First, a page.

When Fantasy Brushes Reality

WIN_20150125_092751Andaran Atish’an!

And happy Sunday to you, friends!

I woke up this morning to Charming bringing me French press coffee in my favorite unicorn cup. Sitting at my counter, the bright morning sunlight pouring through the sliding glass doors, today just feels like magic.

What a beautiful word that is…. magic. It’s tied to dreams and spirits of adventure; things that spark excitement amidst the mundane.

Lately, I’ve spent more time in the realm of fantasy than the real world as I chisel at the climatic scenes in my next novel, Chivalry’s Code. Yet there’s much to be said about the realm of imagination. Sometimes fiction isn’t so far from the truth.

Throughout the writing of Chivalry’s Code, I’ve struggled with Jaycent/Jaspur’s evolution. “How is he going to find himself?” I wondered, for the rogue had seen so much darkness that the hopeful hero he once was now felt like a false illusion. Chivalry had been used against him by his enemy, who exploited his loyalty and honor and made it his weakness. It made a mockery of everything Jaspur believed in, shaking his moral foundation and with it… his sense of purpose.

Jaspur can’t unsee what he saw. He cannot simply forget the lives that were lost because he stayed true to a code that failed him, thus failing his people. The weight of his guilt pressed his heart into a stone made of anger and despair. What would it take to crack it?

What could he believe in again?

Ah, but isn’t that a fine question? I think more of us can relate to Jaspur’s struggle than not. Part of life, part of growth, is climbing back to our feet when the world throws us down. We learn in life that no matter how hard we try, we cannot win every battle. But losing doesn’t negate what we stood for or make it wrong. Nor does failure mean we’ve lost the game.

Lately, I’ve been playing Dragon Age: Inquisition, and a dialogue between two characters (an elven apostate named Solas and a dwarven rogue named Varric) seemed to resonate with Jaspur’s struggle:

solas varric

  • Varric: What is it with you, Chuckles? Why do you care so much about the dwarves?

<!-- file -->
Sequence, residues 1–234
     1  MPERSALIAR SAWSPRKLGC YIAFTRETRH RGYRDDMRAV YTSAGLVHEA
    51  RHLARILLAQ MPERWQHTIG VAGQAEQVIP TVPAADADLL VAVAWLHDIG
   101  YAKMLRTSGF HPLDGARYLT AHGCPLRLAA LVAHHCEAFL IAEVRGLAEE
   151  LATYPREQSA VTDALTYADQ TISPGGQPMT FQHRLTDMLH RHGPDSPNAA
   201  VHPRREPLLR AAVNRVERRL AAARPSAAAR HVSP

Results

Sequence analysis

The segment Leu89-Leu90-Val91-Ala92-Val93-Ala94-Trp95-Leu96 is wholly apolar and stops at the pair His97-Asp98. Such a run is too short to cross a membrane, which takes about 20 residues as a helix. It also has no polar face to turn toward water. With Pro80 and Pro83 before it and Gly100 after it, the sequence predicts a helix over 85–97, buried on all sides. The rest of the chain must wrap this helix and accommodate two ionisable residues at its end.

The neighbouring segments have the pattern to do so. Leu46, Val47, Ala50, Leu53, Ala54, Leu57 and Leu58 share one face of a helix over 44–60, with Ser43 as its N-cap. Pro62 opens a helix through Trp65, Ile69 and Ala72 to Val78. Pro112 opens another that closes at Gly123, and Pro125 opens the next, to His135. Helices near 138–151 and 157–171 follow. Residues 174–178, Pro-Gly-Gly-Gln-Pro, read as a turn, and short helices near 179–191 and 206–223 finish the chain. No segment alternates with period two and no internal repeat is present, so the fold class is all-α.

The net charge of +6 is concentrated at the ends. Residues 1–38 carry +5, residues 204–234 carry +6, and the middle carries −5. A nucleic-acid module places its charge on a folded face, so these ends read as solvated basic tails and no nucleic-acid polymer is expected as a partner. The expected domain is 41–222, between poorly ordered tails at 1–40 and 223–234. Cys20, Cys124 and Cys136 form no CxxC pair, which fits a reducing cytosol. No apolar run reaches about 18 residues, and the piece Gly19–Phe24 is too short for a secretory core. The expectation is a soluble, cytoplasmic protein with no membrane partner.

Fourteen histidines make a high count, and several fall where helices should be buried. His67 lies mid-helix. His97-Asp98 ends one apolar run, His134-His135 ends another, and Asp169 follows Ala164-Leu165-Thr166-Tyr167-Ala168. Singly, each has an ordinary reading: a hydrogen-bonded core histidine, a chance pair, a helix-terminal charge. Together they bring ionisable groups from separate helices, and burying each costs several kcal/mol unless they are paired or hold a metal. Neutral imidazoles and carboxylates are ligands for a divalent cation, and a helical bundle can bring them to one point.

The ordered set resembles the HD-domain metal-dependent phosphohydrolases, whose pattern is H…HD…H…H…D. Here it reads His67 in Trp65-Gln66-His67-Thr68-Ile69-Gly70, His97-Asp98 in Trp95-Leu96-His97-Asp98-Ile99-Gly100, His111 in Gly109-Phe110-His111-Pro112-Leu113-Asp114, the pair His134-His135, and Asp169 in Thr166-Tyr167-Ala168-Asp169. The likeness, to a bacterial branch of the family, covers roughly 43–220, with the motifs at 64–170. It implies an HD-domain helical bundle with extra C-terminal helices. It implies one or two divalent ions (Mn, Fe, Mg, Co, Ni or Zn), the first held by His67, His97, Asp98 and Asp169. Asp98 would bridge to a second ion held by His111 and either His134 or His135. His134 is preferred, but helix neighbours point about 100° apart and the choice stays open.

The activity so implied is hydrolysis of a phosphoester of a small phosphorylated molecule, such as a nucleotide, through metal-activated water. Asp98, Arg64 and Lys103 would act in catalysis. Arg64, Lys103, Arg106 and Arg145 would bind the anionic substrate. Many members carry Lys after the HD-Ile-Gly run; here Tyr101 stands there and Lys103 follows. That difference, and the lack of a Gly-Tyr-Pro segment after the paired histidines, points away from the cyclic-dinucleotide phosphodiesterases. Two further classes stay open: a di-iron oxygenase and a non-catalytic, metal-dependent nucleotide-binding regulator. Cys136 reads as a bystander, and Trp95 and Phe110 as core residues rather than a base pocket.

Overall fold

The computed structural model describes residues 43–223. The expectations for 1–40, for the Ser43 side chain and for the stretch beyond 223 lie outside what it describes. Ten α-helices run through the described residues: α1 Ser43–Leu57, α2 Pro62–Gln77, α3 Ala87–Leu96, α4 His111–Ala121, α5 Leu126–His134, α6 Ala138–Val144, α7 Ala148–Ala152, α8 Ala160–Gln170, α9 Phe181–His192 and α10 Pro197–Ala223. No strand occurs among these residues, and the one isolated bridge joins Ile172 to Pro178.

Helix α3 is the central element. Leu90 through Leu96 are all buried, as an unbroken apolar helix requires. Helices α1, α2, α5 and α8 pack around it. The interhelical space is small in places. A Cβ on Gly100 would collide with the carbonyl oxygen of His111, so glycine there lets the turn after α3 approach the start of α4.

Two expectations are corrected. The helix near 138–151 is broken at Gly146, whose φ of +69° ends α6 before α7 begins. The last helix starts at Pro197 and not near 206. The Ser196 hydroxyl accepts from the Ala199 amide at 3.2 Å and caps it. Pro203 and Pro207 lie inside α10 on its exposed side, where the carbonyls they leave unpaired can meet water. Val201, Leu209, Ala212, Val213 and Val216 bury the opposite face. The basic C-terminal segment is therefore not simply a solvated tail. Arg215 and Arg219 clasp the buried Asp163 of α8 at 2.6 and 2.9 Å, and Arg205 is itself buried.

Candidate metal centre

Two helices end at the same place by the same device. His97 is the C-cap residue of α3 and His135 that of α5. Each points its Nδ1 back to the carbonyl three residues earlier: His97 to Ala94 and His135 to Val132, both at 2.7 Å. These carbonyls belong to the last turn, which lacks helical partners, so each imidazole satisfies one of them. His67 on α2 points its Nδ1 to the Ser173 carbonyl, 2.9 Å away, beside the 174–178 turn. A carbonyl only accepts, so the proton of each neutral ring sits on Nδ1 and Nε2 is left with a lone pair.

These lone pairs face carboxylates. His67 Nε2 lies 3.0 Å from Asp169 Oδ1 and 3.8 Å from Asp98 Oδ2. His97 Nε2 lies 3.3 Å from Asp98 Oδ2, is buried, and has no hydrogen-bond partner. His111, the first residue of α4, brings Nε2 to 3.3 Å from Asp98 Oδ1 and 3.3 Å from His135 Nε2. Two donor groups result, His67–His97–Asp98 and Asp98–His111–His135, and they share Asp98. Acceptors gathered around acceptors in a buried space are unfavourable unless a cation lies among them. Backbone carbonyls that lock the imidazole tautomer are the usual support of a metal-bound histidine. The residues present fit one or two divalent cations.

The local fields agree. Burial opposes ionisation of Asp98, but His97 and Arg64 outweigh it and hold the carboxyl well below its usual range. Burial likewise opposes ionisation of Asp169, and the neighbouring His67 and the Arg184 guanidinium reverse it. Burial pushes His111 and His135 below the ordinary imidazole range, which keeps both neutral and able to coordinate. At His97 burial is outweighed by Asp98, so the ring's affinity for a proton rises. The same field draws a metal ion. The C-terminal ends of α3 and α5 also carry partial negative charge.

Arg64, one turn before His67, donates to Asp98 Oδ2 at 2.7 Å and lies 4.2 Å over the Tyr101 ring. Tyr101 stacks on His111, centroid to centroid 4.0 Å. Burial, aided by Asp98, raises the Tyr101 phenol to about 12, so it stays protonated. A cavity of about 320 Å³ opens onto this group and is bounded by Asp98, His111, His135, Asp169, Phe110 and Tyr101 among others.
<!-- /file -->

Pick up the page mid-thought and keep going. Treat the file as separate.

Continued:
• Solas: Once, in the Fade, I saw a man who lived alone on an island. Most of his tribe had fallen to beasts or disease. His wife had died in childbirth. He was the only one left. He could have struck out on his own to find a new land, new people. But he stayed. He spent every day catching fish in a little boat, every night drinking fermented fruit juice and watching the stars.
  • Varric: I can think of worse lives.
  • Solas: How can you be happy surrendering, knowing it will all end with you?
  • Varric: I suppose it depends on the quality of the fermented fruit juice.
  • Solas: So it seems.
  • Varric: What’s with you and the doom stuff? Are you always this cheery or is the hole in the sky getting to you?
  • Solas: I’ve no idea what you mean.
  • Varric: All the “fallen empire” crap you go on about. What’s so great about empires anyway?
  • Varric: So we lost the Deep Roads, and Orzammar’s too proud to ask for help. So what? We’re not Orzammar and we’re not our empire.
  • Varric: There are tens of thousands of us living up here in the sunlight now, and it’s not that bad.
  • Varric: Life goes on. It’s just different than it used to be.
  • Solas: And you have no concept of what that difference cost you.
  • Varric: Oh I know what it didn’t cost me. I’m still here, even after all those thaigs fell.
  • Solas: You truly are content to sit in the sun, never wondering what you could’ve been, never fighting back?
  • Varric: Ha, you’ve got it all wrong, Chuckles. This is fighting back.
  • Solas: How does passively accepting your fate constitute a fight?
  • Varric: In that story of yours–the fisherman watching the stars, dying alone–you thought he gave up right?
  • Solas: Yes.
  • Varric: But we went on living. he lost everyone, but he still got up every morning. He made a life, even if it was alone.
  • Varric: That’s the world. Everything you build, it tears down. Everything you’ve got, it takes–and it’s gone forever.
  • Varric: The only choices you get are to lie down and die or keep going. He kept going. That’s as close to beating the world as anyone gets.
  • Solas: Well said. Perhaps I was mistaken.

With that said, I’d like to end this post with you and your thoughts. Who do you agree with most? Solas? Or Varric?

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